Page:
Everywhere you look, people are looking at screens.
In the decade since smartphones have become ubiquitous, we now have a feeling almost as common as the smartphones themselves: being sucked into that black hole of staring at those specific apps — you know which ones they are — and then a half an hour has gone by before you realize it.
Researchers at the University of Washington conducted in-depth interviews to learn why we compulsively check our phones. They found a series of triggers, common across age groups, that start and end habitual smartphone use. The team also explored user-generated solutions to end undesirable phone use. The results will be presented May 7 at the 2019 ACM CHI conference on Human Factors in Computing Systems in Glasgow, Scotland.
“For a couple of years I’ve been looking at people’s experiences with smartphones and listening to them talk about their frustration with the way they engage with their phones,” said co-author Alexis Hiniker, an assistant professor at the UW’s Information School. “But on the flip side, when we ask people what they find meaningful about their phone use, nobody says, ‘Oh, nothing.’ Everyone can point to experiences with their phone that have personal and persistent meaning.
“That is very motivating for me. The solution is not to get rid of this technology; it provides enormous value. So the question is: How do we support that value without bringing along all the baggage?”
Hiniker and her team interviewed three groups of smartphone users: high school students, college students and adults who have graduated from college. The 39 subjects were smartphone users in the Seattle area between the ages of 14 and 64. Interviews started with background questions and a “think aloud” demonstration in which participants walked through the apps on their phone. Interviewers would then ask more in-depth questions about the apps participants pointed out as most likely to lead to compulsive behavior.
“We were hoping to get a holistic view into the behaviors of the participants,” said first author Jonathan Tran, a UW undergraduate studying human centered design and engineering.
In general, interviewees had four common triggers for starting to compulsively use their phones:
During unoccupied moments, like waiting for a friend to show up, Before or during tedious and repetitive tasks When in socially awkward situations When they anticipated getting a message or notification
The group also had common triggers that ended their compulsive phone use:
Competing demands from the real world, like meeting up with a friend or needing to drive somewhere Realizing they had been on their phone for a half an hour Coming across content they’d already seen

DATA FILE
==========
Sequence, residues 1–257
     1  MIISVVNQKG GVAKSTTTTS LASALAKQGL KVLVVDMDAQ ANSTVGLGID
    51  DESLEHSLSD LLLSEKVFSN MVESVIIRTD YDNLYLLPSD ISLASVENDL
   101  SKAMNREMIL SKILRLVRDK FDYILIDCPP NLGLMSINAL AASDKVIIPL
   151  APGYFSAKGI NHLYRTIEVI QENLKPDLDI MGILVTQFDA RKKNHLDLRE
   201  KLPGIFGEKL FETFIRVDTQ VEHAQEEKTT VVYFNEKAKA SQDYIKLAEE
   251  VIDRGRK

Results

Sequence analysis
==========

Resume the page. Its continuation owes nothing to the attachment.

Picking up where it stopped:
The team was surprised to find that the triggers were the same across age groups.
“This doesn’t mean that teens use their phones the same way adults do. But I think this compulsive itch to turn back to your phone plays out the same way across all these groups,” Hiniker said. “People talked about everything in the same terms: The high school students would say ‘Anytime I have a dead moment, if I have one minute between classes I pull out my phone.’ And the adults would say ‘Anytime I have one dead moment, if I have one minute between seeing patients at work I pull out my phone.’”
The researchers asked participants to identify something about their behavior they would like to change and then draw an idea on paper for how the phone could help them achieve it.
“Many of the participants sketched ‘lockout’ mechanisms, where the phone would essentially prevent them from using it for a certain period of time,” Tran said. “But participants mentioned how although they feel bad about their behavior, they didn’t really feel bad enough to utilize their sketched solutions. There was some ambivalence.”
To the team, this finding pointed to a more nuanced idea behind people’s relationships to their phones.
“If the phone weren’t valuable at all, then sure, the lockout mechanism would work great. We could just stop having phones, and the problem would be solved,” Hiniker said. “But that’s not really the case.”
Instead, the researchers saw that participants found meaning in a diverse set of experiences, particularly when apps let them connect to the real world. One participant talked about how a meme generator helped her interact with her sister because they meme tagged each other all the time. Another participant mentioned that the Kindle app let her connect with her father who was reading the same books.
“People describe it as an economic calculation,” Hiniker said. “Like, ‘How much time do I spend with this app and how much of that time is actually invested in something lasting that transcends this specific moment of use?’ Some experiences promote a lot of compulsive use, and that dilutes the time people spend on activities that are meaningful.”
When it comes to designing the next wave of smartphones, Hiniker recommends that designers shift away from system-wide lockout mechanisms. Instead, apps should let users be in control of their own engagement. And people should decide whether an app is worth their time.
“People have a pretty good sense of what matters to them.” Hiniker said. “They can try to tailor what’s on their phone to support the things that they find meaningful.”
Additional co-authors are Katherine Yang, a UW undergraduate studying human centered design and engineering, and Katie Davis, a professor in the UW’s iSchool.